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Biden rebukes Cheney, guarantees we're 'safer today'

  • Story Highlights
  • VP Biden speaks Tuesday with CNN's Wolf Blitzer and Gloria Borger
  • Biden says recent criticism from former vice president Cheney is "dead wrong"
  • He says Bush administration left the country in weakest shape since WW II
  • Biden calls for tougher response from Moscow and Beijing on N. Korea rocket launch
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From Rebecca Sinderbrand
CNN Deputy Political Editor
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WASHINGTON (CNN) -- Vice President Joe Biden brushed aside recent criticism by predecessor Dick Cheney that moves by the Obama administration had put the United States at risk, telling CNN on Tuesday that the former vice president was "dead wrong."

Vice President Joe Biden sits down for an interview with CNN's Gloria Borger and Wolf Blitzer on Tuesday.

Vice President Joe Biden sits down for an interview with CNN's Gloria Borger and Wolf Blitzer on Tuesday.

"I don't think [Cheney] is out of line, but he is dead wrong," he told CNN's Wolf Blitzer. "This administration -- the last administration left us in a weaker posture than we've been any time since World War II: less regarded in the world, stretched more thinly than we ever have been in the past, two wars under way, virtually no respect in entire parts of the world.

"... I guarantee you we are safer today, our interests are more secure today than they were any time during the eight years" of the Bush administration.

In an interview with CNN's John King last month, Cheney said President Obama had been "making some choices that in my mind will raise the risk to the American people of another attack."

Biden said former President Bush had not been fully aware of the country's position in the world. Video Watch Biden lash out on Bush and Cheney »

"I remember President Bush saying to me one time in the Oval Office, and he was a great guy, enjoyed being with him. He said to me, he said, 'Well, Joe,' he said, 'I'm a leader.' And I said, 'Mr. President, turn around and look behind you. No one's following.' People are beginning to follow the United States again as a consequence of our administration."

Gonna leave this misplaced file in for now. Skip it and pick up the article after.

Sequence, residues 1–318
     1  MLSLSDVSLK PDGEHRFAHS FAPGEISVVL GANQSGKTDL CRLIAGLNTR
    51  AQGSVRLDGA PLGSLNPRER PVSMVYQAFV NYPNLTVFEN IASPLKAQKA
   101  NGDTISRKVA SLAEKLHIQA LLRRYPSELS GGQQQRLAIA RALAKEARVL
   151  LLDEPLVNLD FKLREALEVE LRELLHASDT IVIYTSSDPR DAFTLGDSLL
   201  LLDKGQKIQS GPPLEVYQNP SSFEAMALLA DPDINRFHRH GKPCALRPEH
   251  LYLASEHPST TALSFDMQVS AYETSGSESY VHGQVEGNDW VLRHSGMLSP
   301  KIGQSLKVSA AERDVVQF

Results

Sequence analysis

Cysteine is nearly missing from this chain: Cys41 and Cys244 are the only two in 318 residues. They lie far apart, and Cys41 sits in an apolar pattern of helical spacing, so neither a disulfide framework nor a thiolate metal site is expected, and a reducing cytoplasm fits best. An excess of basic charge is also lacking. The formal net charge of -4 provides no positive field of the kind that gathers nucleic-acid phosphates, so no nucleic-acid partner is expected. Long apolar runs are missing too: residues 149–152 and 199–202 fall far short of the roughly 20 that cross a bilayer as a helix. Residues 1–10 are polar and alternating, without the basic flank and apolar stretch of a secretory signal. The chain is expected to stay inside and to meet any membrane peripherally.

"... I think the biggest thing we're doing is, I'm operating in concert with the president," he said. "There are not -- there are -- look, everybody talks about how powerful Cheney was. His power weakened America, in my view."

But he did not deny reports of disagreement within the Obama administration as well, over the president's plan to widen involvement in Afghanistan. A report last week said Biden had warned about the possibility of getting into a quagmire, while military advisers pushed for more troops. Video Watch more on Obama's Afghanistan plan »

"Well, look. Without commenting specifically on who took what position, there was a healthy debate. There is a healthy debate within our administration."

The vice president said that he condemned a new Afghan law that would allow men to rape their wives, but that those issues were not the focus of the U.S. presence in that nation. "I am not prepared to send American troops to die for that," he said.

As the president made an unannounced visit to Baghdad, Iraq, on Tuesday, Biden said that he had no concerns that a recent uptick in violence in Iraq might affect plans to withdraw most U.S. troops from that country by the summer of 2010.

"I'm not worried about that at all. We will draw down along the timeline we suggested," the vice president said. Video Watch the full interview »

Also not a concern for Biden: the possibility of an Israeli strike on Iran's nuclear facilities. The vice president said he was not worried that Israel's new government, under Prime Minister Benjamin Netanyahu, would order such an attack.

"I don't believe that Prime Minister Netanyahu would do that. I think he would be ill-advised to do that. And so my level of concern is no different than it was a year ago."

A day after North Korea's rocket test sparked alarm from world leaders, Biden called for a tougher response from Moscow and Beijing.

"What I'd like to see is a strong condemnation and a united effort on the part of the Chinese, Russians in the six-party talks to say, 'enough is enough, there will be greater sanctions, we will squeeze down even harder on North Korea,' " he said.

He added that China could "do a great deal more," although he was uncertain it would. "I think this puts the onus on China and Russia and South Korea and Japan, et cetera, along with us, to be bolder in our condemnation."

On the domestic front, Biden said that the administration's economic plan would prevent up to 4 million jobs from being lost and stabilize the economy, but that "it will take at least another year before you start to see employment," and in the meantime, jobs will continue to disappear. Video Watch Biden answer iReporters' questions »

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"There will be an additional job loss. ... You're not going to see reports this calendar year saying there was no job loss this month. That is not going to happen. ...There will continue to be job losses the remainder of this year. The question is will they continually go down before they begin to rebound, and employment -- we go down to zero job loss and back to employment."

He said it was "too premature" to begin discussing another stimulus package, though he has not ruled one out.

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